UA sees largest sorority recruitment in nation


William Evans

Sorority recruitment attracted more than 1,700 girls to the doors of 15 sorority houses at the University last week.

The number of girls seeking to pledge this year marks the largest showing of potential pledges sorority row has seen since its inception at the University.

The greek community has doubled since the arrival of President Robert Witt, whose push for enrollment growth at record numbers has resulted in a larger greek community, said Gentry McCreary, director of Greek Affairs.

“Greek growth benefits the campus and the community,” he said.

The proliferation of the greek community also enables prospective greek members to find their niche in the expanding climate of greek social life, which has become more diverse as the community has grown, he explained.

“Anyone who wants to be in a greek organization can find an organization for them and what they’re looking for,” he said.

Natalie Coleman, recruitment chair for Kappa Kappa Gamma, said her sorority held a week’s worth of workshops to prepare for this fall semester’s rush week.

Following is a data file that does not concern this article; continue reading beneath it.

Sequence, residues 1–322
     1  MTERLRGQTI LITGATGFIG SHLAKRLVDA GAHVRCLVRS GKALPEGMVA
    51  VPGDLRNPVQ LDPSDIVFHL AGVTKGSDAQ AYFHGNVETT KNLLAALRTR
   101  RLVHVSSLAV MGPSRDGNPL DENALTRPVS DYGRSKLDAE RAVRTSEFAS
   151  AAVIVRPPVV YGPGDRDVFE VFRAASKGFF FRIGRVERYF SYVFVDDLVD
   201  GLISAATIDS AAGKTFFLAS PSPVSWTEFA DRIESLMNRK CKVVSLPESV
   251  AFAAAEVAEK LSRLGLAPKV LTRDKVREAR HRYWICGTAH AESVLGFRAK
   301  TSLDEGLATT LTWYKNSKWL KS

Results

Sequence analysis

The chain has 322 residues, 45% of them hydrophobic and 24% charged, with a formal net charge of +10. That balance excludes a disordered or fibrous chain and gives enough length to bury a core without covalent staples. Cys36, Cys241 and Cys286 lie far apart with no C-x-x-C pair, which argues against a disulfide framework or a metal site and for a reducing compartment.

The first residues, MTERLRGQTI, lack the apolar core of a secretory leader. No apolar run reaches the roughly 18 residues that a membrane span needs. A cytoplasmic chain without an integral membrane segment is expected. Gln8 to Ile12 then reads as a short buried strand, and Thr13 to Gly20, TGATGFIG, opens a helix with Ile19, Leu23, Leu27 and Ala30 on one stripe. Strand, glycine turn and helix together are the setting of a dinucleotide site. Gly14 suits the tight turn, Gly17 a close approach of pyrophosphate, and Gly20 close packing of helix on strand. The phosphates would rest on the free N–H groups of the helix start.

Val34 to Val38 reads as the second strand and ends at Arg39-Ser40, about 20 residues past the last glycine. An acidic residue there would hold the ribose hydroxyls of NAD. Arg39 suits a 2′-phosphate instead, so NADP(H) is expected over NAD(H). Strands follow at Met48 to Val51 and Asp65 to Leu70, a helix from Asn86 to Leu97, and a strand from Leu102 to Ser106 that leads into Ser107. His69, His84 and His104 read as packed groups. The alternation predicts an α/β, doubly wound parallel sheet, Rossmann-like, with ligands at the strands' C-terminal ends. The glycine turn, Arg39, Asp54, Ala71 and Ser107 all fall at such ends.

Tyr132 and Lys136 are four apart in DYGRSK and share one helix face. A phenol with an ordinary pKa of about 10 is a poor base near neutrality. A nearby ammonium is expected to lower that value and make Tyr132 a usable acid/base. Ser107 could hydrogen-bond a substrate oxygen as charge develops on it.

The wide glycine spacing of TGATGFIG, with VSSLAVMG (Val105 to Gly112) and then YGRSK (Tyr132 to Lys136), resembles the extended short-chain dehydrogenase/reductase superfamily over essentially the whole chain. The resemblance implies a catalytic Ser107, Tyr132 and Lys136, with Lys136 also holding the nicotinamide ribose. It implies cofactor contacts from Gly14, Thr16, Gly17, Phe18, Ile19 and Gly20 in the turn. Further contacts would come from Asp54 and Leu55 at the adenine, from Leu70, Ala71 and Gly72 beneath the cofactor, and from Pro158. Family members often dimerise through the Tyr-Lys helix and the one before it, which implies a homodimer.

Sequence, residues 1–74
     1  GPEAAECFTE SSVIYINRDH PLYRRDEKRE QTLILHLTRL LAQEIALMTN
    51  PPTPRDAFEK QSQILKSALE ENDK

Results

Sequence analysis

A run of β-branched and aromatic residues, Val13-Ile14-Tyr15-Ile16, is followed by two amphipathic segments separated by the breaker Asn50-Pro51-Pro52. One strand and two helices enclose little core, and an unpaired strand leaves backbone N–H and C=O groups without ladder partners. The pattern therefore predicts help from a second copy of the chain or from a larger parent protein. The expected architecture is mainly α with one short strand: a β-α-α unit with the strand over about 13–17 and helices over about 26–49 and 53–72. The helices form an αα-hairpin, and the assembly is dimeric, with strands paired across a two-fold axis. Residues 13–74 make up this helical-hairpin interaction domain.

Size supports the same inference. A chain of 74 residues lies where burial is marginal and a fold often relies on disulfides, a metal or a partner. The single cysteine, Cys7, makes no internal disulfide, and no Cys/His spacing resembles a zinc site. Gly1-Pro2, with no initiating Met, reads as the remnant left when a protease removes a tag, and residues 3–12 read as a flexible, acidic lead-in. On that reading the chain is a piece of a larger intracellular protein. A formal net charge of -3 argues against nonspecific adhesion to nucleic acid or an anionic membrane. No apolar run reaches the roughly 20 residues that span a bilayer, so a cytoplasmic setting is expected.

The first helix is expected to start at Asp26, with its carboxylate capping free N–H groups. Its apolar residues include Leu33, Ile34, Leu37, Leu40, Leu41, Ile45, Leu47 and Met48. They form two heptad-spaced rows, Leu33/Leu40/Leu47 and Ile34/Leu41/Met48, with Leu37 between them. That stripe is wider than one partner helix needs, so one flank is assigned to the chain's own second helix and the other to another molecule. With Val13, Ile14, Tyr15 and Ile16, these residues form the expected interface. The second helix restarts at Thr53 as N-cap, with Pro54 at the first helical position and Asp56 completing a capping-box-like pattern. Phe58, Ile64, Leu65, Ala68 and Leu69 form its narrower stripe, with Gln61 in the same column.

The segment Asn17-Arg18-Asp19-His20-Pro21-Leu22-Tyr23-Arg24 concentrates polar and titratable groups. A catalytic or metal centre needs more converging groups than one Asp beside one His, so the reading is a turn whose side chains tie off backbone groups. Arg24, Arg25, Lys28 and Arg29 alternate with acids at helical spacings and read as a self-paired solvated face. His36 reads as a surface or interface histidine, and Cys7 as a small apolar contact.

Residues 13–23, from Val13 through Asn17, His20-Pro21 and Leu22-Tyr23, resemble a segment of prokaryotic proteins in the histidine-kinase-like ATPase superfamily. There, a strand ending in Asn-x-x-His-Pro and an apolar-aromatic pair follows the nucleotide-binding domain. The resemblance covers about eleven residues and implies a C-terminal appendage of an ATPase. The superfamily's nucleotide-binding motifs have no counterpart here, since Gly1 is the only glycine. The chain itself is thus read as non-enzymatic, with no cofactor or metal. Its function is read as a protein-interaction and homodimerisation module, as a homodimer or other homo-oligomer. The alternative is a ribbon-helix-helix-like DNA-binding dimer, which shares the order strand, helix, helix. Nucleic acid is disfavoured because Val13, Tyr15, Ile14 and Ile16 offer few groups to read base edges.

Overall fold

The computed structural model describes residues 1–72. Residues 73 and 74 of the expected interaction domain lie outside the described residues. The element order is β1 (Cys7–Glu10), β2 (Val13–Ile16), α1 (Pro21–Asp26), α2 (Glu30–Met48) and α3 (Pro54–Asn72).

During the summer, her sorority sisters also thumbed through about 3,000 letters of recommendations written by alums about potential new members.

“It was a long process all summer,” she said.

Staying organized by preparing a schedule of events for the potential new sorority members was critical to her sorority’s recruitment process, she said.

Mary Margaret McCord, recruitment chair for Alpha Omicron Pi, said the intensity of preparing and then executing rush week can escape the attention of potential new members, who have to narrow their choices from among fifteen sororities to only one within the span of rush week.

“A lot more work goes into it than people think,” she said. “The girls going through that don’t understand until they’re on the other side of recruitment.”

One downfall to the expansion of the greek system is the loosening of the community within each sorority, she said.

“It’s a hindrance to have 250 plus members,” she said. “There is no way a girl can get to know each of her sisters when we have 250 members.”

Each year, the Panhellenic Association sets the quota for the pledges each sorority can take in, which resulted in 1,311 girls being granted a bid this year, according to McCreary.

The inflation of potential new members this year did not drastically affect the way sororities handle recruitment, though, said McCord.

“We had approximately 1,600 girls go through last year, so I didn’t really have to prepare much more this year for 100 more girls,” McCord said. “We had a great rush experience this year and are really excited about all of our new members.”